The premise of No More Heroes sets the mood for the rest of the game. You're Travis Touchdown, an otaku and a gamer, and you meet a smoking hot babe by the name of Sylvia Christel. For reasons unknown to you at the beginning of the game, she somehow managed to get you to kill the 11th ranked assassin, Helter Skelter, with a beam katana that you won on an internet auction, and now the only way to go is up to rank number one! Of course, your main motivation for doing this is to have sex with Sylvia "just once."
The game is blatantly sexual, provides a teensy bit of profanity and copious amounts of blood and gore. All of this is apparent right from the first minute of the game. But that's what makes No More Heroes so glorious. This isn't a game that tries to be classy, and yet, it still gives off it's own charm that makes it better than most games. No More Heroes has soul, this isn't the kind of game that wants to stand out as a work of post-modern art or anything. It's a game and it knows it's a game. You'll find hilarious references to anime and videogames throughout; it even pokes fun at Duke Nukem as well as itself.
Despite the absurdity of the game's premise, the gameplay feels a bit more traditional than the likes of Killer 7. This isn't an experimental game or anything, it's a straight up action game and it is the best one on the Wii, in fact, as it stands right now, No More Heroes is the best action game of the current console generation. The first thing to know is that this isn't Twilight Princess or Red Steel combat, you attack with the A button, not by waggling the Wii remote. Admittedly, your weapon is a beam katana (read: lightsaber for Star Wars fans) and the idea of swinging it around and having it make sounds may cross your mind, but it's when you realize the genius of the combat and how Suda 51 beat LucasArts to the punch on lightsaber combat. You see, you will attack with the A button for sword slashes, but should you deal enough damage the game will give you the option of slicing your opponent with the blade, in which case the action slows down and you swing the Wii remote, cutting enemies in half and watching fountains of blood and coins spurt forth while they scream out about their spleens.
Admittedly, there are two sides to No More Heroes as a game, and this is where the rollercoaster part comes in. You see, No More Heroes shines at it's brightest when you're fighting the game's various bosses/assassins. The game is more intense in that it fully emphasizes the one-on-one showdown at stake, a life or death battle, and in No More Heroes, the deaths are brutal. But the game slows down, it doesn't come to a stop, but it slows down when you get to the open-world portion of it. There are entry fees for your battles, and you do need to do odd jobs to make money. Admittedly, the money comes rather easily, so you will have to do a few part-time jobs and assassinations to raise money, but most gamers won't spend too much time in No More Heroes' empty sandbox world.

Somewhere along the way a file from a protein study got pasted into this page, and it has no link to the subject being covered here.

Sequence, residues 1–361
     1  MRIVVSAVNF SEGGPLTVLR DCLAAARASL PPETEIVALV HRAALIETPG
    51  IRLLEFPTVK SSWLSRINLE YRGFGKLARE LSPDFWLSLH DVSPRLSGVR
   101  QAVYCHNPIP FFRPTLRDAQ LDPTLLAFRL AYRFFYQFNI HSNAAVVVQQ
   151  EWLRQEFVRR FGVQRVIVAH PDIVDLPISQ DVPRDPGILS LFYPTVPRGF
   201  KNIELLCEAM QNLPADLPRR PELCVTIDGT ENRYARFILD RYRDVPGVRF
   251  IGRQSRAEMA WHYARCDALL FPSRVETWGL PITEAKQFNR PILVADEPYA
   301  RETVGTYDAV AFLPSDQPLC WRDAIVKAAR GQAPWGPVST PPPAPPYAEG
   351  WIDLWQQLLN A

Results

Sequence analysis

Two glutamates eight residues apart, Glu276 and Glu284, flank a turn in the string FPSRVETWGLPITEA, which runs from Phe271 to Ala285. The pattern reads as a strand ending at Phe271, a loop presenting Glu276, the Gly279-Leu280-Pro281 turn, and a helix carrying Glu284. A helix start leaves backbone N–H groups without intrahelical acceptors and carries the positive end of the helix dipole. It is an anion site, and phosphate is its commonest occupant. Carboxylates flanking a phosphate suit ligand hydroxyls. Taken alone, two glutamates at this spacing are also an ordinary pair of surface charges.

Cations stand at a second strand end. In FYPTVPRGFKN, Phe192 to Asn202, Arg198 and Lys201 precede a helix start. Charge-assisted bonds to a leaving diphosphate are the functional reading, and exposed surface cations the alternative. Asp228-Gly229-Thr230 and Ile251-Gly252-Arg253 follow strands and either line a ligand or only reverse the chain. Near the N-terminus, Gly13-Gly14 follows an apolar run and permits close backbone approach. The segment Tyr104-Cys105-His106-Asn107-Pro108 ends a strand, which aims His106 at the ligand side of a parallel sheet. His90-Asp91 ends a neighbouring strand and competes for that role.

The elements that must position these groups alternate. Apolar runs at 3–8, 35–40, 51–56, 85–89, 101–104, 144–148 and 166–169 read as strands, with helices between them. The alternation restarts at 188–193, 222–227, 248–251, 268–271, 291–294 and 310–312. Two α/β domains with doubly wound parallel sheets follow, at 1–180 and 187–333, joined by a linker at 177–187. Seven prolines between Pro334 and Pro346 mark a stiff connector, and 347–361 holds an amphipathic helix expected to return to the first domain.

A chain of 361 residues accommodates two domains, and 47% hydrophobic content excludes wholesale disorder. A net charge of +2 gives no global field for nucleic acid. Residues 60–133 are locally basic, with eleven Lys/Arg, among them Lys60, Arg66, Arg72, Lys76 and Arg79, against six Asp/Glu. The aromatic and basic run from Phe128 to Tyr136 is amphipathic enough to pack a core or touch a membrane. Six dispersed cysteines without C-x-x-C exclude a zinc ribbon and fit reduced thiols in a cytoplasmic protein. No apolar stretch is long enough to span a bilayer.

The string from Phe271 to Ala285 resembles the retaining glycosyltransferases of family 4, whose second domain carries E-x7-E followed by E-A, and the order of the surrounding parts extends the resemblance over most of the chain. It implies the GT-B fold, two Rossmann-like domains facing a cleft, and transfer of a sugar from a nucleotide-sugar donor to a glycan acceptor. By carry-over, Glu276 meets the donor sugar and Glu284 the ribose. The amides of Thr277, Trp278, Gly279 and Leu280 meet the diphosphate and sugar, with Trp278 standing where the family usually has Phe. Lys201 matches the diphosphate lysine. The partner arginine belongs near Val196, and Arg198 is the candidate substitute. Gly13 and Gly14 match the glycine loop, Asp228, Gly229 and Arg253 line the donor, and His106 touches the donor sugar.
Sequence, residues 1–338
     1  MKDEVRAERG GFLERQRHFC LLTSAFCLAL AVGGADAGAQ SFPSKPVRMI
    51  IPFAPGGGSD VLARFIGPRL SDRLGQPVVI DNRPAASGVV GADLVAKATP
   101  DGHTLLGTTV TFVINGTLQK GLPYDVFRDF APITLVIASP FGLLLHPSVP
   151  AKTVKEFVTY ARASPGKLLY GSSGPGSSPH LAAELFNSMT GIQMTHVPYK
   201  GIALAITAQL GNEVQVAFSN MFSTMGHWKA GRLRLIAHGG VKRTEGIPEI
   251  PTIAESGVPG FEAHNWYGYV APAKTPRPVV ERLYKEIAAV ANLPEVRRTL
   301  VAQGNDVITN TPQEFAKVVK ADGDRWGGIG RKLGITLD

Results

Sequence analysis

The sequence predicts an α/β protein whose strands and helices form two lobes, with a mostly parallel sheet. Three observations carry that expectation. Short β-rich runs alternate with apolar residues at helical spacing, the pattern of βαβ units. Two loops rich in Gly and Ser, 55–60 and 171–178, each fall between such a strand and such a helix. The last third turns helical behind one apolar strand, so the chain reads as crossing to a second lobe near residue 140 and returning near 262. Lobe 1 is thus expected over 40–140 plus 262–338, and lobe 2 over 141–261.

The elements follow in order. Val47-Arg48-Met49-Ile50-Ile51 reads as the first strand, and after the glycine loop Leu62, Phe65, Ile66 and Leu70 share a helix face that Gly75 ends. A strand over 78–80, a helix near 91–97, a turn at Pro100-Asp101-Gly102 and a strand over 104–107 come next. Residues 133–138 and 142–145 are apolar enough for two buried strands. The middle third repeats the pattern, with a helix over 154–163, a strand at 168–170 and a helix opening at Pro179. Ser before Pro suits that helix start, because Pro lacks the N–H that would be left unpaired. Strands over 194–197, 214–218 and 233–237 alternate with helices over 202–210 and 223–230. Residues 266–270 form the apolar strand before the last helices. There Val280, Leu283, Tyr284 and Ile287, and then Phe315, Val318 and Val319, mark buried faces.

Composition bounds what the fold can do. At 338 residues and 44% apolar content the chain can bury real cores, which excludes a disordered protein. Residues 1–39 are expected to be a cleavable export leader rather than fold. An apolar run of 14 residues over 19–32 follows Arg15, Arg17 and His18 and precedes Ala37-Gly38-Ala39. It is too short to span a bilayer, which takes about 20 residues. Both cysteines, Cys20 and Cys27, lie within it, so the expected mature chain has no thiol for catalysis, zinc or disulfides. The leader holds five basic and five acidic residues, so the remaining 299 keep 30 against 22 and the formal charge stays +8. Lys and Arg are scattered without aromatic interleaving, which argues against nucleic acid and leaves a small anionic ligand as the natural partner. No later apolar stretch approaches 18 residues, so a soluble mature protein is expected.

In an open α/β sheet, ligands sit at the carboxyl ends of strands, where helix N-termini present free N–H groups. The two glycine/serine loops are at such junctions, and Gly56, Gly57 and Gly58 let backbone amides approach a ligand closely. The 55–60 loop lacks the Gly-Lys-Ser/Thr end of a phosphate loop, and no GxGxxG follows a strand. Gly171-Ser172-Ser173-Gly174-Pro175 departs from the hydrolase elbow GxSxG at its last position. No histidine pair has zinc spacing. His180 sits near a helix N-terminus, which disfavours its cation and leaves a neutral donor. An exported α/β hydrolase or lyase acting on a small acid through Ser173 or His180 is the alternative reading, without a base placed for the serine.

But the two conflicting game ideas can also be interpreted as a theme or even a message to the gamer, that when you play a game you get taken to these fantastical worlds and locales and the impossible becomes possible and when you're done, you're grounded back in reality. In a decision about games as art, art can't sacrifice the fun, and No More Heroes is fun to play. The game is full of spunk, sass, and moxie during the main assassin showdowns, even the parts leading up to them. Honestly, having a duel with two swords, even if yours is a beam katana, in an abandoned building is just so reminiscent of samurai movies and the game is aware of that when Travis shouts out, "You've been watching too many Samurai movies!" It's the kind of game that when you fight each assassin it becomes clear that No More Heroes was a labor of love, that no idea, no matter how absurd or off the wall wasn't considered. No More Heroes is a game, it's just a game and that's what makes it so special.
It isn't about proper driving mechanics or anything like that. No More Heroes doesn't try and make gray your favorite color with "realistic" visuals or anything. The game is so plain and washed out looking, but that's what gives it it's charm. The game is over-the-top, from character designs to ideas to even the visual style. From a model with a prosthetic leg who wants to kick your ass to a mailman who thinks he's a superhero, No More Heroes pushes the limits and breaks through with flying colors on all fronts.
While the sound itself isn't anything special, it gets the job done. Footsteps are heard when you run and so forth. But the dialogue is a different story. Everything flows, no matter how wacky it all sounds. And the music, damn it all, sometimes the music just sounds damn sexy, especially during the latter few fights in the game.
Suda 51 and Grasshopper have created a one of a kind experience. A game like No More Heroes can only be done on the Wii, and the fact that it works, that every part of it works is just a testament to his talent as a developer. Games like No More Heroes don't come around too often and when they do they help to remind gamers why they play games in the first place. No More Heroes is a game and that's why it's so damn good.
But enough of the fancy talk, here's to describing No More Heroes the only way it truly deserves to be described: f'ing badass!